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Do the COVID Vaccines Offer 100 Percent Protection From Infection?
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Do the COVID Vaccines Offer 100 Percent Protection From Infection?


At a town hall on July 21, in Cincinnati, President Joe Biden, in stressing the importance of COVID-19 vaccines, made the following statement: “If you’re vaccinated, you’re not going to be hospitalized, you’re not going to be in an ICU unit, and you’re not going to die.” 

The statement is false. 

Although the COVID-19 vaccines are effective, no single vaccine is 100% effective at preventing infection. 

Per the Centers for Disease Control, both mRNA vaccines, Moderna and Pfizer, are over 90 percent effective at preventing COVID-19. Based on data from clinical trials, Moderna is 94.1% effective and Pfizer is 95% effective, according to the CDC. The Johnson & Johnson Janssen COVID-19 vaccine is 66.3% effective based on data from clinical trials.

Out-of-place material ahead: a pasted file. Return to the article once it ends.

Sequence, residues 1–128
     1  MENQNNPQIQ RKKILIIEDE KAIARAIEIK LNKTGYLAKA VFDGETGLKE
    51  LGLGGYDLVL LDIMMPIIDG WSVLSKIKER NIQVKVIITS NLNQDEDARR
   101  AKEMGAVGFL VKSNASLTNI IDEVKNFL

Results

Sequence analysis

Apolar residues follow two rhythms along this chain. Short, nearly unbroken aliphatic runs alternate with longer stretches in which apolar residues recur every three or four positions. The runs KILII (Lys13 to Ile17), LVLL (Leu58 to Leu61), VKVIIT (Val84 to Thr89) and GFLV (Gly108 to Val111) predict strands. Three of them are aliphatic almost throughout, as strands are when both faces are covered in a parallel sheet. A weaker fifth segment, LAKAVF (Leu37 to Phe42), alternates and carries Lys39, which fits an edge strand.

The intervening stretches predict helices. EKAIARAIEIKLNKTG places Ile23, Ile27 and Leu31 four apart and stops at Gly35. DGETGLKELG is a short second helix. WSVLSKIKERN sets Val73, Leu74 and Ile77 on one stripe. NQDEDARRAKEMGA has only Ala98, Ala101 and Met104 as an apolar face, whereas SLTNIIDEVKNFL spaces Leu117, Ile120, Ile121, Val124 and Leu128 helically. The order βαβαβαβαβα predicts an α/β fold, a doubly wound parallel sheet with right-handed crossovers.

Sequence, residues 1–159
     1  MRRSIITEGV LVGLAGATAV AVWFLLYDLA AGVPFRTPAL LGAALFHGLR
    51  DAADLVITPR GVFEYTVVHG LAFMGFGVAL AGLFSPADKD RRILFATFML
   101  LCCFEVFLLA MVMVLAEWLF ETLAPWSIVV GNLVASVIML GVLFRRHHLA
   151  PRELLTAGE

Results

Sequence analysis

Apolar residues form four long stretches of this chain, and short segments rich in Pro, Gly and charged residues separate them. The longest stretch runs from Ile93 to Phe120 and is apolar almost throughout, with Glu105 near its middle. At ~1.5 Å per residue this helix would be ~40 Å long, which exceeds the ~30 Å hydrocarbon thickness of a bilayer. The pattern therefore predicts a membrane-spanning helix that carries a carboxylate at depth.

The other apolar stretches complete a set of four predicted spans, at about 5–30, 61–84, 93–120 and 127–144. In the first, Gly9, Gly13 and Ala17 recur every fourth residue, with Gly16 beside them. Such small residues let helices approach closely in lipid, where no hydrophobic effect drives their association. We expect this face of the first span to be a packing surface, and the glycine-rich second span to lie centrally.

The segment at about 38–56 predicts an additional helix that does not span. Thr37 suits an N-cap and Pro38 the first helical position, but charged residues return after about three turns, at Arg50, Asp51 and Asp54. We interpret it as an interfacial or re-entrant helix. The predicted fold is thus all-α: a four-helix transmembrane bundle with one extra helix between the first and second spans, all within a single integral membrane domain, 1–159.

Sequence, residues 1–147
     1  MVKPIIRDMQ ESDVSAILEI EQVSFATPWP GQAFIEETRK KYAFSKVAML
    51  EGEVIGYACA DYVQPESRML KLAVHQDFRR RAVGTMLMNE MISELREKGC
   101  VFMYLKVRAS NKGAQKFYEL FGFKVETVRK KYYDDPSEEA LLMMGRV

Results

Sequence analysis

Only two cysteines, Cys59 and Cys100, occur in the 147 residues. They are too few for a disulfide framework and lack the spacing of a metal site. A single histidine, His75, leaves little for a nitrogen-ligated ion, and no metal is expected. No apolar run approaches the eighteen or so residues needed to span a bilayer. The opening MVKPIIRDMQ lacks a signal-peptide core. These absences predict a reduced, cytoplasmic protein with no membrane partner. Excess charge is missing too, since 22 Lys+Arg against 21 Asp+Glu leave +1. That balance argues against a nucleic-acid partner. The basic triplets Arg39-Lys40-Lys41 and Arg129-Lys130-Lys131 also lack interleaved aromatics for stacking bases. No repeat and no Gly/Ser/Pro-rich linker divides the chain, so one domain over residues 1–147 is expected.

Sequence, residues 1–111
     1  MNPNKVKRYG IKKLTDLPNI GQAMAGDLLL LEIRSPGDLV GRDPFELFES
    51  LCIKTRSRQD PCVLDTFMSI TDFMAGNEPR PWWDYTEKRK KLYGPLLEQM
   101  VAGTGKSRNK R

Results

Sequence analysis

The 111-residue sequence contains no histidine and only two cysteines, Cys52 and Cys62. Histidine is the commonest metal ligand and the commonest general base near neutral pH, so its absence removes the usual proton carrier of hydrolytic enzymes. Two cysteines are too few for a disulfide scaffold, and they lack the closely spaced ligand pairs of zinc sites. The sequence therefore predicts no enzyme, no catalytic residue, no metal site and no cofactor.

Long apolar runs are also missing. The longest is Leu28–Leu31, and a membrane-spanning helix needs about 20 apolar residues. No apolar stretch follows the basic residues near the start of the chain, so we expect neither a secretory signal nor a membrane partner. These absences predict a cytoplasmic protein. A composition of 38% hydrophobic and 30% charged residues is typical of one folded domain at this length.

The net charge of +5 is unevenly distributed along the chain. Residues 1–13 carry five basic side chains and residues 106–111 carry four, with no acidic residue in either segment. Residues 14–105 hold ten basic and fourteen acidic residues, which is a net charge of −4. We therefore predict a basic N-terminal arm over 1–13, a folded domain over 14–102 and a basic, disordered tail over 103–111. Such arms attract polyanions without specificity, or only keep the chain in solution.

While it’s true that the vaccines are highly effective, breakthrough cases are possible, and expected, per the CDC: “COVID-19 vaccines are effective and are a critical tool to bring the pandemic under control. However, no vaccines are 100% effective at preventing illness in vaccinated people. There will be a small percentage of fully vaccinated people who still get sick, are hospitalized, or die from COVID-19.”

According to the CDC, as of July 12, there have been 159 million people in the United States who have been vaccinated against COVID-19 and 5,492 reported cases of COVID-19 vaccine breakthrough infections that require hospitalization or resulted in death. While this is a small percentage, it’s inaccurate to claim that there have been no fatal breakthrough cases.

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Khaya Himmelman is a fact checker for The Dispatch. She is a graduate of Columbia Journalism School and Barnard College.